"We remind all our older Pennsylvanian drivers that auto insurance is an important financial protection and that there are ways to reduce the cost of it," said Jodi Frantz, Chief of Staff for the Pennsylvania Insurance Department. "Older drivers can get a break on their insurance rates. If all drivers on your policy are 55 or older, you can take a PennDOT approved mature driver class and qualify for at least a 5 percent discount. We also encourage these Pennsylvanians to talk to their agent or insurance company if they are driving less or if they think there are coverages that they no longer need."

A list of approved mature driver courses available can be found online on PennDOT's Mature Driver Improvement Courses.

While every person ages differently, aging typically brings certain -- sometimes subtle -- physical, visual, and cognitive changes that could impair an older person's ability to drive safely. Older drivers and their families should work together to identify potential issues that may affect driving, outline courses of action to assist the older driver, and plan for when it's time to hang up the keys. 

Signs that can indicate it may be time to limit or stop driving altogether include:

  • Feeling uncomfortable, fearful, or nervous when driving;
  • Unexplained dents/scrapes on the car, fences, mailboxes, or garage doors;
  • Frequently getting lost and frequent "close calls" (i.e. almost crashing);
  • Slower response times, particularly to unexpected situations;
  • Difficulty paying attention to signs or staying in the lane of traffic; and
  • Trouble judging gaps at intersections or highway entrance/exit ramps.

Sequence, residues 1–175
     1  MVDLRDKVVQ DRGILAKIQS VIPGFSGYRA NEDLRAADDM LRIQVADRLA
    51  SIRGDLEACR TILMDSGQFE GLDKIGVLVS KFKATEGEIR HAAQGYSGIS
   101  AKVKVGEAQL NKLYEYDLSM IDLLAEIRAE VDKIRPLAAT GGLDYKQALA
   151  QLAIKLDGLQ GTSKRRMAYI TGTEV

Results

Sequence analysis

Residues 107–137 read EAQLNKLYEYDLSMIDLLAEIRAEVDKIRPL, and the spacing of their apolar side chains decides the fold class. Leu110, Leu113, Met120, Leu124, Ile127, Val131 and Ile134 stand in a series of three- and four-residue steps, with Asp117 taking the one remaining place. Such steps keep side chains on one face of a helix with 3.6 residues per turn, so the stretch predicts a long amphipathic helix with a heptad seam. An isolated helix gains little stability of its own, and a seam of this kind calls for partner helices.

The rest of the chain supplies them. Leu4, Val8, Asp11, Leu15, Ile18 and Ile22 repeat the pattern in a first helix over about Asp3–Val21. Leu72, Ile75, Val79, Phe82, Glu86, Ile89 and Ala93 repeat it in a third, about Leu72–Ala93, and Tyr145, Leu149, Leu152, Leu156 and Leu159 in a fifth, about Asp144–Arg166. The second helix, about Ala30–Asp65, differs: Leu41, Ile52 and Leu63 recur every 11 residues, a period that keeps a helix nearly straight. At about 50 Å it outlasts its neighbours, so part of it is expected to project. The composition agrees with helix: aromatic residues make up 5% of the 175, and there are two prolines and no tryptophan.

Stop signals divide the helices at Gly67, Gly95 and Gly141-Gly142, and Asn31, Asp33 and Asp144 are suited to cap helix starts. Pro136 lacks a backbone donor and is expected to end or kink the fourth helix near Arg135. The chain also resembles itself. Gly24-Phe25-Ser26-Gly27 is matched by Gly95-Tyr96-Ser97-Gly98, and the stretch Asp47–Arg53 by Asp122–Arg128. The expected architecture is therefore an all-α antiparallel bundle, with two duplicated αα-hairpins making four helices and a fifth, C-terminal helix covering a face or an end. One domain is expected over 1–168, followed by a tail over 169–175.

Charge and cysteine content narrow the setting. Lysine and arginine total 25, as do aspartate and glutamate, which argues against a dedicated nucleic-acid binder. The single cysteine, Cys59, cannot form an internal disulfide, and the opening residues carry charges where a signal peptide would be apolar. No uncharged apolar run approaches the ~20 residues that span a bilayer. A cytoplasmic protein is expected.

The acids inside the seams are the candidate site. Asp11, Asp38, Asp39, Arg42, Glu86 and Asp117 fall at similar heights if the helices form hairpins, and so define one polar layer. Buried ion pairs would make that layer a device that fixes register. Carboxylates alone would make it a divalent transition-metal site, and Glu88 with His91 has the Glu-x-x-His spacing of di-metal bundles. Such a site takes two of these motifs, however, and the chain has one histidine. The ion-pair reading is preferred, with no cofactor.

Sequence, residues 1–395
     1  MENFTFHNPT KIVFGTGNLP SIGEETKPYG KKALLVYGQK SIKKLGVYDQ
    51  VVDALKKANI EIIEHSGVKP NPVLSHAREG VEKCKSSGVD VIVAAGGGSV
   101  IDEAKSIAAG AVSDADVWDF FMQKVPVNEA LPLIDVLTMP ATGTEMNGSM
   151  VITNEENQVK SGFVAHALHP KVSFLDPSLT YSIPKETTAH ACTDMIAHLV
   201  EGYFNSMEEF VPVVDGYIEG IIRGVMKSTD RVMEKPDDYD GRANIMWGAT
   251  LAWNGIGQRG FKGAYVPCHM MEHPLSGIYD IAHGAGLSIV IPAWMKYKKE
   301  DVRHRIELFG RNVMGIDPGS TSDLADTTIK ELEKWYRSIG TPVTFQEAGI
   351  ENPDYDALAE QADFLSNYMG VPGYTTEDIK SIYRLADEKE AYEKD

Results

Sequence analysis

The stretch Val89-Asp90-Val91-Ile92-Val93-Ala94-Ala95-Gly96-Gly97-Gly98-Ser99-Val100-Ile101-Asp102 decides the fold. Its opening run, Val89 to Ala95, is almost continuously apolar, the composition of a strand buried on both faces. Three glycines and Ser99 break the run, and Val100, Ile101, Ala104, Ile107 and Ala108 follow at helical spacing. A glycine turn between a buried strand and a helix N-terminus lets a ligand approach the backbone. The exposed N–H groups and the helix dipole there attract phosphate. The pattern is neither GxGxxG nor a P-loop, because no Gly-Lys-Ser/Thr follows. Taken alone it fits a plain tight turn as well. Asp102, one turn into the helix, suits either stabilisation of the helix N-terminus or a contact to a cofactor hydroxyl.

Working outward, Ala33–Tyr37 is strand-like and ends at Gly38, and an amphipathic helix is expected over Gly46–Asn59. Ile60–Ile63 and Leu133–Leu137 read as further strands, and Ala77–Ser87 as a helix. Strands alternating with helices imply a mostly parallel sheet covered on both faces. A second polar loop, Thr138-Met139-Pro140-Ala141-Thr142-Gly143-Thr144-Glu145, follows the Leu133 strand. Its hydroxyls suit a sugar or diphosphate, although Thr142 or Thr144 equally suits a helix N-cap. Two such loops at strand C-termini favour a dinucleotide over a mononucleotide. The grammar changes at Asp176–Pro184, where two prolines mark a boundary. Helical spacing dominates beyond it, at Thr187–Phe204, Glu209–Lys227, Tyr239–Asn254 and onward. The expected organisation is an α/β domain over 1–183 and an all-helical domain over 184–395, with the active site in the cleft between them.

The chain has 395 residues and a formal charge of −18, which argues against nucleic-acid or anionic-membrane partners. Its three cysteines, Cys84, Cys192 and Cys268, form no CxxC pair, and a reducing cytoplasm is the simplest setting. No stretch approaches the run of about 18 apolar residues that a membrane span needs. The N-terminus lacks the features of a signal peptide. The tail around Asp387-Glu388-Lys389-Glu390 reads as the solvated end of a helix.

The Shapiro Administration encourages older drivers and their loved ones to review PennDOT's Seniors Driving Safely publication series, which can be downloaded for free from the PennDOT Driver and Vehicle Services website. These publications help older drivers assess their abilities and offer guidance on next steps if their medical condition is reported to PennDOT. The series also includes a publication designed to guide family and friends of older drivers in what can sometimes be difficult conversations about deciding to stop driving, as well as information for healthcare providers on PennDOT's medical reporting program.

The following safe-driving habits, which should be routine at any age, are especially useful to older drivers:

  • Plan ahead: lengthy car trips should be made during daylight hours. Morning may be best because most people aren't as tired as they are in the afternoon.  
  • Don't drive in rush-hour traffic if you can avoid it. Plan trips after 9:00 AM or before 5:00 PM. Know what roads near home are most congested and avoid them.
  • When driving long distances, especially in winter, call ahead for weather and road condition updates.
  • Look ahead. Good drivers get a jump on trouble by looking far down the road and making adjustments before encountering problems that may involve other vehicles, pedestrians, bicyclists or animals.  
  • Maintain a safe speed. This depends on what the road is like, how well the driver can see, how much traffic there is and how fast traffic is moving.
  • Keep a safe distance from the vehicle ahead of you. The PA Driver's Manual advises that you should always keep a 4-second gap between you and the vehicle in front of you.

Pennsylvanians with insurance questions can contact the Insurance Department Consumer Services Bureau online or at 1-877-881-6388. 

Additional information on older driver safety and mobility resources is available at both PennDOT Driver and Vehicle Services and the Department of Aging websites.